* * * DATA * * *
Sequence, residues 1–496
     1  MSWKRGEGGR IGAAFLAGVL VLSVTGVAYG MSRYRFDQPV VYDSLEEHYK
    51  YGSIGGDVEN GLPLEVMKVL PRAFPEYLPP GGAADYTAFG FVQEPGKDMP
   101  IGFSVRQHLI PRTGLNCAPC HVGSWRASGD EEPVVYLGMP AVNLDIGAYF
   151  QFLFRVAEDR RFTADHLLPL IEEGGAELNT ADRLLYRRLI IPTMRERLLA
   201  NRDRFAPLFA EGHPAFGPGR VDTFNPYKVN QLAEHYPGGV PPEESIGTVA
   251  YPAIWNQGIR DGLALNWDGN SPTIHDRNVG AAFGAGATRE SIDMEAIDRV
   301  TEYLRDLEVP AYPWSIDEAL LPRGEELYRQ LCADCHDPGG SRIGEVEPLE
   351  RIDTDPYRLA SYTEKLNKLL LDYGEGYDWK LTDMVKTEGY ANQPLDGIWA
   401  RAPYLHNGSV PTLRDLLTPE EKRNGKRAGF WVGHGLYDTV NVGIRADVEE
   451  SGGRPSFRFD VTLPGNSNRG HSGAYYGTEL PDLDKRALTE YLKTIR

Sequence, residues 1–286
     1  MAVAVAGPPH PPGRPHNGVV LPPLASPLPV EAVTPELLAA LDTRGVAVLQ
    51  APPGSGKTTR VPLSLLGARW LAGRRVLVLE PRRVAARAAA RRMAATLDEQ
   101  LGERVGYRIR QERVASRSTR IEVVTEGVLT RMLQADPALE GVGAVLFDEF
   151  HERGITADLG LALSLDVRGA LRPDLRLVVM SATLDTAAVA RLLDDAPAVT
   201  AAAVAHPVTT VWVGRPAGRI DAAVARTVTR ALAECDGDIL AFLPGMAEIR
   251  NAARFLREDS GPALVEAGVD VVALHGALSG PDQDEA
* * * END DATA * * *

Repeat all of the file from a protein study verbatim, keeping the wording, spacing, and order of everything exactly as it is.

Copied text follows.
Sequence, residues 1–496
     1  MSWKRGEGGR IGAAFLAGVL VLSVTGVAYG MSRYRFDQPV VYDSLEEHYK
    51  YGSIGGDVEN GLPLEVMKVL PRAFPEYLPP GGAADYTAFG FVQEPGKDMP
   101  IGFSVRQHLI PRTGLNCAPC HVGSWRASGD EEPVVYLGMP AVNLDIGAYF
   151  QFLFRVAEDR RFTADHLLPL IEEGGAELNT ADRLLYRRLI IPTMRERLLA
   201  NRDRFAPLFA EGHPAFGPGR VDTFNPYKVN QLAEHYPGGV PPEESIGTVA
   251  YPAIWNQGIR DGLALNWDGN SPTIHDRNVG AAFGAGATRE SIDMEAIDRV
   301  TEYLRDLEVP AYPWSIDEAL LPRGEELYRQ LCADCHDPGG SRIGEVEPLE
   351  RIDTDPYRLA SYTEKLNKLL LDYGEGYDWK LTDMVKTEGY ANQPLDGIWA
   401  RAPYLHNGSV PTLRDLLTPE EKRNGKRAGF WVGHGLYDTV NVGIRADVEE
   451  SGGRPSFRFD VTLPGNSNRG HSGAYYGTEL PDLDKRALTE YLKTIR

Sequence, residues 1–286
     1  MAVAVAGPPH PPGRPHNGVV LPPLASPLPV EAVTPELLAA LDTRGVAVLQ
    51  APPGSGKTTR VPLSLLGARW LAGRRVLVLE PRRVAARAAA RRMAATLDEQ
   101  LGERVGYRIR QERVASRSTR IEVVTEGVLT RMLQADPALE GVGAVLFDEF
   151  HERGITADLG LALSLDVRGA LRPDLRLVVM SATLDTAAVA RLLDDAPAVT
   201  AAAVAHPVTT VWVGRPAGRI DAAVARTVTR ALAECDGDIL AFLPGMAEIR
   251  NAARFLREDS GPALVEAGVD VVALHGALSG PDQDEA